I have been in love with the writing of Annie Dillard since i first picked up a boyfriend's An American Childhood and couldn't put it down. That being said, it is probably not all that surprising that i adored The Maytrees, though i often found myself having to reread passages (sometimes for their lyrical qualities, sometimes to make sure i understood them, sometimes because i was pretty sure i didn't understand them in the least... i'm just dense that way...) Reading this book was often like wading through poetry (perhaps appropriate because one of the main characters is a poet), and, like poetry, i found it quite worth the effort.
The first few paragraphs of the prologue are like a very brief summary of the first one hundred pages of a James Michener (a favorite of my youth) novel (if that's not some kind of oxymoron); in fact the prologue itself is almost like an encapsulated novel (though not this novel encapsulated).
Toby Maytree falls in love with his future wife, Lou Bigelow, at first sight (in fact he almost mistakes her for Ingrid Bergman.) Lou takes a little longer to be smitten with him (though not by much, and not any less so, it would seem.) This spare novel encompasses their marriage and life (though their life is not always a life led together) and it is a rather solitary tale, one that is as related to the sea as the Maytrees' lives seem to be (and doesn't a life interconnected to the saline world of the sea and shore almost seem to be one more connected to the being of ourselves?)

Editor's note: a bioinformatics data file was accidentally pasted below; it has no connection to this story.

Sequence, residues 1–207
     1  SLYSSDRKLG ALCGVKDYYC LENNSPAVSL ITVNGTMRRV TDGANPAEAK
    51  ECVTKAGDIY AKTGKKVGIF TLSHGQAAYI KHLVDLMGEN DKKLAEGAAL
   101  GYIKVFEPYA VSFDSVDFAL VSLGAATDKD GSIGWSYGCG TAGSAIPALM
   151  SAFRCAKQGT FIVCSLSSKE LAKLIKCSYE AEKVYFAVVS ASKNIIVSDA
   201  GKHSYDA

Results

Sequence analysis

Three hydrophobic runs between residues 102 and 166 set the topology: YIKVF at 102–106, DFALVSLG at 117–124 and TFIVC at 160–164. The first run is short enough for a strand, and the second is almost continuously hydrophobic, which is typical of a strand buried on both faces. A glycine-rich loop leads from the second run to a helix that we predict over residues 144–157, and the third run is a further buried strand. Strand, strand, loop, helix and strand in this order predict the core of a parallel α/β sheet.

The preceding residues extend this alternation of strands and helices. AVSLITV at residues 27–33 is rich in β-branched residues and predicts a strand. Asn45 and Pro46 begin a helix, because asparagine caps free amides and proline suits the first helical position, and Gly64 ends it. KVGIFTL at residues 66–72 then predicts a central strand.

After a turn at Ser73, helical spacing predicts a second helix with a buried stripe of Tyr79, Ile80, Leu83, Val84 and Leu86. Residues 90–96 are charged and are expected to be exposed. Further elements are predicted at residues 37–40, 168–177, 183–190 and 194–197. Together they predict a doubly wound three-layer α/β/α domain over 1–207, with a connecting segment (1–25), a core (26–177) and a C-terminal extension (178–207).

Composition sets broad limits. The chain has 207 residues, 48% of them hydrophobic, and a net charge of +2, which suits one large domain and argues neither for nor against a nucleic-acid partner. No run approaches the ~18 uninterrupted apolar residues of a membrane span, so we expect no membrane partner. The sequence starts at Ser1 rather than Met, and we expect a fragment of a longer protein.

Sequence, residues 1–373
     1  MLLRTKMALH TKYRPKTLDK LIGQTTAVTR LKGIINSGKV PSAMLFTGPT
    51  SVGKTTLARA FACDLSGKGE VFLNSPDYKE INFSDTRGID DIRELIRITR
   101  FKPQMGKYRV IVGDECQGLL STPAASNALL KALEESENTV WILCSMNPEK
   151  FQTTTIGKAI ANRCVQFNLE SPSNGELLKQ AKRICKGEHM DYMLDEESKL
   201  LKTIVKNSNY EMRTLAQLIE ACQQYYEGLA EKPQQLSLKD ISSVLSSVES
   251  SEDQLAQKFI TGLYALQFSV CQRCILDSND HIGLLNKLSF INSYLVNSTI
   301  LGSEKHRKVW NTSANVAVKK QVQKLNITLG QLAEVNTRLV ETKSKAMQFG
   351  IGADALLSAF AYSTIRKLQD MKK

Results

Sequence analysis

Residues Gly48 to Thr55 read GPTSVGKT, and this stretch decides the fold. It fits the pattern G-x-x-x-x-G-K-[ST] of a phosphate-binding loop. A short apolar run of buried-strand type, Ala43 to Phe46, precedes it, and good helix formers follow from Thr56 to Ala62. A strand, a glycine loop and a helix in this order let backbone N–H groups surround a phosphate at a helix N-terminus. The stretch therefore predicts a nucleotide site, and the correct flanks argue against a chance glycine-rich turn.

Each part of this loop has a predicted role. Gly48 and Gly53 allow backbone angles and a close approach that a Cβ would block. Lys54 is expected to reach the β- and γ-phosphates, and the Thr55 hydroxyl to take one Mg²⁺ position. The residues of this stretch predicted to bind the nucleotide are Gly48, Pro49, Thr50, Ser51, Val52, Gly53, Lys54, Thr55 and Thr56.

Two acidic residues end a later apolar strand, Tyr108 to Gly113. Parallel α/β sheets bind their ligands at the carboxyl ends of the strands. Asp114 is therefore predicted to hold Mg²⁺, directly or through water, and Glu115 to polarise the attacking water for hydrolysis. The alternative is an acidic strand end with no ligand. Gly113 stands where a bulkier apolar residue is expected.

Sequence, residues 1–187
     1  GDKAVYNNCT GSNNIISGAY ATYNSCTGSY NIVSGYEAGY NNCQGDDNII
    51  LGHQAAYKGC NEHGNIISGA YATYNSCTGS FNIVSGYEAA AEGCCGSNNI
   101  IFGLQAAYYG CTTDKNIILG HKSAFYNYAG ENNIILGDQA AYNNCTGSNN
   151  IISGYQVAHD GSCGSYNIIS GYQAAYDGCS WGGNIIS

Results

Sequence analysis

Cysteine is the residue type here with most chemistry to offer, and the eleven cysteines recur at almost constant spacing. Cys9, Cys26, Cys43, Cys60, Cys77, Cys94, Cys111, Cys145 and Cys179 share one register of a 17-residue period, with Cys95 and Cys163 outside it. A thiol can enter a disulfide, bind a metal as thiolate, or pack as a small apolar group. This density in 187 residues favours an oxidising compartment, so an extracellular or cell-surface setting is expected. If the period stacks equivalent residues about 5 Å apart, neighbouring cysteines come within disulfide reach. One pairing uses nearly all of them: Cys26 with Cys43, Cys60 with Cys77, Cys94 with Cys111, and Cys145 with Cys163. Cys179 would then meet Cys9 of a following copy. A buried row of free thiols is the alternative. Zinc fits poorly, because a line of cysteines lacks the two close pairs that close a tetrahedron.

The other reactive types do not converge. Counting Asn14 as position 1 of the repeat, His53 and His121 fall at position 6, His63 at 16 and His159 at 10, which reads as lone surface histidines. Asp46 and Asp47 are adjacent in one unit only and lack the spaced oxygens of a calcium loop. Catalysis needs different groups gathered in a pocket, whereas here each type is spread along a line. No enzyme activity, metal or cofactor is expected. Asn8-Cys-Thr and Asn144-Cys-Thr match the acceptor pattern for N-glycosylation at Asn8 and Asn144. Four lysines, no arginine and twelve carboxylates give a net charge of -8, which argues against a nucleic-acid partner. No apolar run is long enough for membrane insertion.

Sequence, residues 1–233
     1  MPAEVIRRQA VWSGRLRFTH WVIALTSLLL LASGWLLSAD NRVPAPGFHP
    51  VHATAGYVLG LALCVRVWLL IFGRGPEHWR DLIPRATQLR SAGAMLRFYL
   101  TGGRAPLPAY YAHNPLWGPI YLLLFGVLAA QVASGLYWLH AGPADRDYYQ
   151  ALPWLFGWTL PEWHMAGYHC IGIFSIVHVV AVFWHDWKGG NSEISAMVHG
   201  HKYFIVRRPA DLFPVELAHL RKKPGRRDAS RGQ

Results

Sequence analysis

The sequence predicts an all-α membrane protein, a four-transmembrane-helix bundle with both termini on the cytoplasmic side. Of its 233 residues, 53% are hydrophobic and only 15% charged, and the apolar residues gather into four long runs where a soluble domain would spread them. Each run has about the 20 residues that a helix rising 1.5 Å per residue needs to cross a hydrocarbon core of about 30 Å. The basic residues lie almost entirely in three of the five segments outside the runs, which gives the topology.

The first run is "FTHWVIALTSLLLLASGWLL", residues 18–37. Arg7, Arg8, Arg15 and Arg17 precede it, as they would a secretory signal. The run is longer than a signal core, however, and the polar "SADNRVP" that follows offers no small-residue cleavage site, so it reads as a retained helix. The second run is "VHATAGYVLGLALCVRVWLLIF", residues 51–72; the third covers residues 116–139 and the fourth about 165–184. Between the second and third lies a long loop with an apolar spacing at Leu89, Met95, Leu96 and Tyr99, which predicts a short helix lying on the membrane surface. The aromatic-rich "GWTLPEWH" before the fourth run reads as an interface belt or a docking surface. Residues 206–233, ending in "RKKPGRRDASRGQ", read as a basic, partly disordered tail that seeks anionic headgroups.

The fact that Dillard is a naturalist shines through in this work. This is a novel almost reminiscent of another time, another place~but one well worth revisiting. This is a novel not to be missed. There doesn't seem to be a word wasted or out of place. I have not lost my love for Annie (she is still on my mind.)
I had a few quibbles with things that seemed like they might be missed editing errors (or perhaps Dillard forgetting things like what age Lou and Toby and Deary were supposed to be at certain times) but i'm also willing to concede that the fault might lie with me (it's been known to happen...)